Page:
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Turn Voice Recordings Into Readable Text

by Aubra Salt - The Oregon Herald Saturday May 16, 2015    10:10 AM

The ability to analyze a person's voice and convert it to text has been improving over the last few years. VOICEBASE does just that, converts your voice to text. It's not perfect but the technology has come quite a ways recently.

You can import conversations, interviews, lectures, or any other voice recording into text. VoiceBase offers a free service to transcribe your words into text. They also offer a paid service that uses human intervention for more accuracy.

Use any understandable voice, recordings, phone conversations, speeches, interviews, or presentations, import them into VoiceBase and the result will be a text you can use. Some editing will probably be needed to clean up the process but VoiceBase can save you lots of time.

VoiceBase offers a FREE service with lifetime storage and search capability and limited audio and video capacity (50 hours audio and 5 hours video). Their Premium service includes up to 500 hours of audio storage and 50 hours of video storage for $7.99 per month. The premium service also supports their priority indexing that makes your content searchable soon after you upload it.

If your application requires a near perfect transcription then you can request a human transcript for any recording with both the free and premium service.

In the 1990's, a new statistical method known as the hidden Markov model speech recognition vocabulary had the potential to recognize an unlimited number of words.

The method considered the probability of unknown sounds' being words. This foundation was in place for the next 20 years or so (Automatic Speech Recognition) then speech recognition began to move toward commercial applications for business, medical uses, and other applications. Computers in the 1990s with fast processors eventually arrived, and speech recognition software became usable for ordinary people.

In 1990, Dragon launched the first consumer speech recognition product, Dragon Dictate, for an astronomical price of $9000. Seven years later, Dragon NaturallySpeaking with lots of improvements, recognizing continuous speech, naturally, at about 100 words per minute. The software did require the user to train the program for an hour or so. It's cost was much less, $695.

After the turn of the millennium, computer speech recognition had increased to 75 to 80 percent accuracy. Then for some reason, nothing much happened to improve the technology. The software programs were still guessing , and the advent of more words, slang, and technological words were added to the human base of knowledge didn't help much. Speech recognition and voice commands were built into Windows Vista and Mac OS X but not as accurate or as easy to use as keyboard and mouse.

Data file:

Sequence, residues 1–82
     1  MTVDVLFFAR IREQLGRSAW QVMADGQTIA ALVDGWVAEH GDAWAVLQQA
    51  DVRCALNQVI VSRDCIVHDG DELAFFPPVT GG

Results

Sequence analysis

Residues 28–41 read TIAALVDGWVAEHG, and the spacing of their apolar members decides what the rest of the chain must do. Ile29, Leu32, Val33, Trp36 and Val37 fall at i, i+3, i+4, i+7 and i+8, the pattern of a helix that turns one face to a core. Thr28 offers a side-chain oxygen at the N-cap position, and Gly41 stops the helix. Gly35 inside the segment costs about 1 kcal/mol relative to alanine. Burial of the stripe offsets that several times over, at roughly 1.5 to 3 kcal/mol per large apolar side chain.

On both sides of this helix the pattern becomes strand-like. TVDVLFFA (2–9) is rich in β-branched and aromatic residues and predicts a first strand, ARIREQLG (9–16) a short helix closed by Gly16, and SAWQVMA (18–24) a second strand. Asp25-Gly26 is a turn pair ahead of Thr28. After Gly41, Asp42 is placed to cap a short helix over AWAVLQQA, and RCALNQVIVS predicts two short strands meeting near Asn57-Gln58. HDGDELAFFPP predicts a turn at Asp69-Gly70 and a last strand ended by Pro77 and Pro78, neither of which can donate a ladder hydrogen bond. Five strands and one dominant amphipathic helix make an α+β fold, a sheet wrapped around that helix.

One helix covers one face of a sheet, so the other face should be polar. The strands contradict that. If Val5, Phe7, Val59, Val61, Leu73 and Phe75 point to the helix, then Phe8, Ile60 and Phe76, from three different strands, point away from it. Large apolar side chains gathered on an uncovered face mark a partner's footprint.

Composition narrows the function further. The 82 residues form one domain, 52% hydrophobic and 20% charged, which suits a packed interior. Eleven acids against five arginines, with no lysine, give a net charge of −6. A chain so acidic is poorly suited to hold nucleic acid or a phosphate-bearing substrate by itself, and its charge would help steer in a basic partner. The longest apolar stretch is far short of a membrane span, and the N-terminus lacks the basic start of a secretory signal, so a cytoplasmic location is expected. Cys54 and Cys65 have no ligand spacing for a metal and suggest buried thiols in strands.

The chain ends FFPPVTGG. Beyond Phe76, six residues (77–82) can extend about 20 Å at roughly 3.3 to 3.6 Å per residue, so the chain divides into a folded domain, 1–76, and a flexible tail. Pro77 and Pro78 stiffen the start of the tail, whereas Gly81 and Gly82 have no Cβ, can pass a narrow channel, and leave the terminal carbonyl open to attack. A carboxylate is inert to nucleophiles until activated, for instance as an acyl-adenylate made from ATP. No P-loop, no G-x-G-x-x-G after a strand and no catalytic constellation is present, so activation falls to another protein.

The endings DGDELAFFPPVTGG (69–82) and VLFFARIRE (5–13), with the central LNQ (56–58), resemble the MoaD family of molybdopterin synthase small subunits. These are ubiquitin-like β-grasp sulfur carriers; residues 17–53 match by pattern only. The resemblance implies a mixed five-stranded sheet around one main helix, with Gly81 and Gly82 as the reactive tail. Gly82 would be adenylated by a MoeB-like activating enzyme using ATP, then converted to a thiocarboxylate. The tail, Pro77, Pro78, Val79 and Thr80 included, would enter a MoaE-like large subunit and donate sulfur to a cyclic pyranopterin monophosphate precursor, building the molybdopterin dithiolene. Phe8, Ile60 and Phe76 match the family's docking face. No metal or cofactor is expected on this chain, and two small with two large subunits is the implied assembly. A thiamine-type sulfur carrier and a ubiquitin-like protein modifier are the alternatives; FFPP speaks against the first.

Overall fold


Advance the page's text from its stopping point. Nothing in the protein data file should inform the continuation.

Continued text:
The arrival of the Google Voice Search app for the iPhone helped make a big leap forward. Cell phones and other mobile devices are great for speech recognition models because something had to be done for input into these small devises. Most fingers were simply too small to use as input. Voice input was more and more required.

In 2010, Google offered "personalized recognition" to Voice Search on Android phones, enabling software to record users' voice searches and produce a better result.

Then came Siri from iPhone which relies on cloud-based processing. It uses what it knows about you to generate a decent reply in most cases but even Siri is limited in its learning ability, or at least the ability to get the user to understand how to best use Siri.

Voice recognition apps are here to stay. However, it may be a long time before the accuracy reaches a point that just about anyone can use their intelligence because the human voice has so many different characteristics, dialects, and nuances. It is still difficult to get above 90% voice recognition. So, companies like VoiceBase use humans to fill in the blanks. And there you have it. Humans are still useful. At least for the time being.

VoiceBase Executives

  • Walter Bachtiger

    Walter Bachtiger


    Walter is the company's visionary. Raised in Switzerland, he studied data mining and economics, before following his entrepreneurial dreams to the US.

  • Jay Blazensky

    Jay Blazensky


    Previously Jay worked at RingCentral and Sylantro/Broadsoft and has a passion for building trusted business relationships.

  • Spencer Lord

    Spencer Lord


    With 20+ years of design and development experience, Spencer is an expert in speech products built on open source technology.

  • Jeff Shukis

    Jeff Shukis


    Jeff served previously at Oracle and Bridgestream and has proven skills in software development, cloud computing and IT operations.

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